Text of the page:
How Runners Can Train the Posterior Chain


The posterior chain is our power house and is comprised of some of the biggest and strongest muscles in the body. These muscles, including those of the back, glutes, hamstrings and calves, are critical to all athletic movements, including running.

Why? The contracting of the posterior chain is what propels your body forward with each stride—the back muscles act to straighten and extend the spine; the glutes extend the hips and keep the femurs aligned; the hamstrings extend the hips and flex the knees (while also stabilizing the knee joints); and the calves extend the ankles and play a role in knee stabilization.

As runners, it’s easy for us to fall into a quad-dominant scenario, taking our hamstrings and glutes out of the picture or, at the very least, moving them to the back burner. Add to that the amount of time many of us spend sitting on our butts. In a sense, these posterior muscles forget how to work, forcing our anterior muscles to take over and do jobs they were never designed to do. This leads to a host of problems with reduced running performance and increased risk of injury topping the list.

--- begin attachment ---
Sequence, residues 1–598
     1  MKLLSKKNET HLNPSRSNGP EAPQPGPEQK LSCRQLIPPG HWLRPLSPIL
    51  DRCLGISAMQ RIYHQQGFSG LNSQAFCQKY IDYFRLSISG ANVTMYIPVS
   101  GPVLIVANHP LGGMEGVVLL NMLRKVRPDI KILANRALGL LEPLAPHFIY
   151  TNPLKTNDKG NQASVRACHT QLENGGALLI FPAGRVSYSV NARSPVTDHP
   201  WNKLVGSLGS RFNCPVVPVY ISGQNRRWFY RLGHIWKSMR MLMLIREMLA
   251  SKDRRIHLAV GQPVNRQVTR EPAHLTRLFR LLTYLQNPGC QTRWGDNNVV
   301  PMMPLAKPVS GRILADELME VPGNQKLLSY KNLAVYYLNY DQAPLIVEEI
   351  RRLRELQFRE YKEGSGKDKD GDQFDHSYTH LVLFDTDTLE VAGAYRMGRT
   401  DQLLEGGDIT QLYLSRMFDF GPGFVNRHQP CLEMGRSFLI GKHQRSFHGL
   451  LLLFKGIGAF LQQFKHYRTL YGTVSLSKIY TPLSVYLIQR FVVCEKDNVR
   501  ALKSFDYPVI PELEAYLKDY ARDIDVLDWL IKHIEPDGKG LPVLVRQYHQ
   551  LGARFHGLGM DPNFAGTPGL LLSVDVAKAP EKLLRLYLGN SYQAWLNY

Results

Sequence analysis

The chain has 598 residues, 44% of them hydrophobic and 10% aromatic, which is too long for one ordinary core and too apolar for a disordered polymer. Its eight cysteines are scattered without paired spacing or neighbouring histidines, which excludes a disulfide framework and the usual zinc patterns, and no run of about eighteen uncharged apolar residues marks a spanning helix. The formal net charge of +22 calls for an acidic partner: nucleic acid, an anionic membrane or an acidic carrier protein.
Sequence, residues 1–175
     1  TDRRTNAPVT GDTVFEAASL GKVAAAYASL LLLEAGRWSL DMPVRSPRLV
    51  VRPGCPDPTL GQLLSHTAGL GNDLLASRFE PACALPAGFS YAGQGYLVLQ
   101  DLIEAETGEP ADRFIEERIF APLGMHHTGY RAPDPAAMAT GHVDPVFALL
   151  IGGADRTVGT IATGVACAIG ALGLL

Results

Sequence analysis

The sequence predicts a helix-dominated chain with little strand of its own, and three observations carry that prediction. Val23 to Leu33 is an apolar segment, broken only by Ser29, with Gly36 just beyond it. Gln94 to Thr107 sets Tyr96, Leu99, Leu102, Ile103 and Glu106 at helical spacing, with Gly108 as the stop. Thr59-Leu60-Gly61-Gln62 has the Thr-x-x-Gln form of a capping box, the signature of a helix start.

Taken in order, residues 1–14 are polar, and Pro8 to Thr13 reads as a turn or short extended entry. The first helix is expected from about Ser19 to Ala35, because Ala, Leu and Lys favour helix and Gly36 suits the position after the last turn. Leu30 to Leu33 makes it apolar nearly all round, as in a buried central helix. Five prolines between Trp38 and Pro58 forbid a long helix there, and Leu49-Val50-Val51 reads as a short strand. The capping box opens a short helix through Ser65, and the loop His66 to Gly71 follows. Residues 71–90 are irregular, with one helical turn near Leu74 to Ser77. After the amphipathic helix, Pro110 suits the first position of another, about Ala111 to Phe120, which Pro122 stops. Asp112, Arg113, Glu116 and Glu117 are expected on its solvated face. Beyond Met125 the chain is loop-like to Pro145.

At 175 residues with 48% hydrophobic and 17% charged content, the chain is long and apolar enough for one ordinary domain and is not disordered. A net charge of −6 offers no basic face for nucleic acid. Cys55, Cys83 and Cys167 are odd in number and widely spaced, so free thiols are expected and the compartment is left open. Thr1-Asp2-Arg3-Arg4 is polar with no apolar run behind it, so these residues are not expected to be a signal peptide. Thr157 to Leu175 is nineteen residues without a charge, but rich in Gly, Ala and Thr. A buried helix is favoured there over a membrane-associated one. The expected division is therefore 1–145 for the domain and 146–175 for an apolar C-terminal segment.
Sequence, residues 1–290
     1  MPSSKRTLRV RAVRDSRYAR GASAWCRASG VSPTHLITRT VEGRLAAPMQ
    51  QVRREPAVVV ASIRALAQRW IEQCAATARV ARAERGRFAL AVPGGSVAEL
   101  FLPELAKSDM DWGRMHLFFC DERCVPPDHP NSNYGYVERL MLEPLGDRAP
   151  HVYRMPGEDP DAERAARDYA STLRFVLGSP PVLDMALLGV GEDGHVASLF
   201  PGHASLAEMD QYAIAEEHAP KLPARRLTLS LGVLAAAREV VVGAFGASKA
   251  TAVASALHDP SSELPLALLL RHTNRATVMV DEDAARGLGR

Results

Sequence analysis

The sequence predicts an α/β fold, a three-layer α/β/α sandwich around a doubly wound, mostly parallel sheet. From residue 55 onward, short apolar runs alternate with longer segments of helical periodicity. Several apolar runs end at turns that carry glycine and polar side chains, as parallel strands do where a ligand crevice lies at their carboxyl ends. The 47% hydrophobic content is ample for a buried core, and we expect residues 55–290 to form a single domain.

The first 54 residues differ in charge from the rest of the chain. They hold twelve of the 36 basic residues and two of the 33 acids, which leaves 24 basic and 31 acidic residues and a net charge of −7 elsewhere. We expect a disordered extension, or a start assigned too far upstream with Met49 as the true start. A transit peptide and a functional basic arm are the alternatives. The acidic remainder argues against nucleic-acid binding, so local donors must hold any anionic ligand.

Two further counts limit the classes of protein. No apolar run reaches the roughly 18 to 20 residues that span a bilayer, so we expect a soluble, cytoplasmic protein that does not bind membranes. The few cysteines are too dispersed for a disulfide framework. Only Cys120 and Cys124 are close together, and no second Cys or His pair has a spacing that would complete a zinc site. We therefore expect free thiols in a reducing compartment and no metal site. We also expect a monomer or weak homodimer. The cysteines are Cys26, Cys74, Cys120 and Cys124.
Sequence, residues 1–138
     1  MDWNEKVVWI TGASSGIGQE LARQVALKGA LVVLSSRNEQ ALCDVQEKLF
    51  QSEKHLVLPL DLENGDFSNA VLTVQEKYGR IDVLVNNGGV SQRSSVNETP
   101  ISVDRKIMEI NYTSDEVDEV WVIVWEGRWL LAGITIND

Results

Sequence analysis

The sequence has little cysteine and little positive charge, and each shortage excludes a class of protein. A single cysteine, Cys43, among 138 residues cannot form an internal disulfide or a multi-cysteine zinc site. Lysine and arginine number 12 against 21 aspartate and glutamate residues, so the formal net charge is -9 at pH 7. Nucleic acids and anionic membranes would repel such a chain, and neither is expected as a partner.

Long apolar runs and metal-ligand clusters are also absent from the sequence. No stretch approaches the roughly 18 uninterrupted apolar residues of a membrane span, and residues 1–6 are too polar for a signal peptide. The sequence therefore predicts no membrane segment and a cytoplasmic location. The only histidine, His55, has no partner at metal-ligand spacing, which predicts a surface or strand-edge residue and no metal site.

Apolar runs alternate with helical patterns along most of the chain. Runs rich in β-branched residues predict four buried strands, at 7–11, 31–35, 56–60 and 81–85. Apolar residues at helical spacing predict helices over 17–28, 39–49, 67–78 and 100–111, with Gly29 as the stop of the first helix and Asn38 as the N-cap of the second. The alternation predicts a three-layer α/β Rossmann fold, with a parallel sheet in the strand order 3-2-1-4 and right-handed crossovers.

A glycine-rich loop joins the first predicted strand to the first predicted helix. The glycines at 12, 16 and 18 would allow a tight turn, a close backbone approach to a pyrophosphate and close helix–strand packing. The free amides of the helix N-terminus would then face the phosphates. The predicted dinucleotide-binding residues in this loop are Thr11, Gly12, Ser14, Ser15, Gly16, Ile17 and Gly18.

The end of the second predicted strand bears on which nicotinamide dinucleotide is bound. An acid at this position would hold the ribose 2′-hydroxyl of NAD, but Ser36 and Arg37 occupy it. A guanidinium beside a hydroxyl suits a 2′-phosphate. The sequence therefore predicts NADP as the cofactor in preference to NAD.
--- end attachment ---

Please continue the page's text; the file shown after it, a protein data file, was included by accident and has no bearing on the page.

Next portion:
How do you know if your posterior chain is weak? If you spend most of your day sitting, you can pretty much guarantee your posterior strength leaves something to be desired. If you regularly experience knee pain, your quad-to-hamstring ratio may need some improvement (i.e. stronger hamstrings). If you regularly experience back pain during runs or at rest, you may have tight, overdeveloped quads and hip flexors that are causing excessive anterior pelvic tilt and spinal lordosis (sway back). If your kick isn’t there or you feel your power is lacking, there’s a pretty good chance you’re not running on all cylinders.

The key to optimal stride efficiency and power is balance between the intricate system of the anterior and posterior chains. Because running is flexion dominant, adding extension exercises that target the posterior chain to your training will balance out the stress your body consistently endures. Work a few of the following moves into your routine to increase your power output and up your running game:

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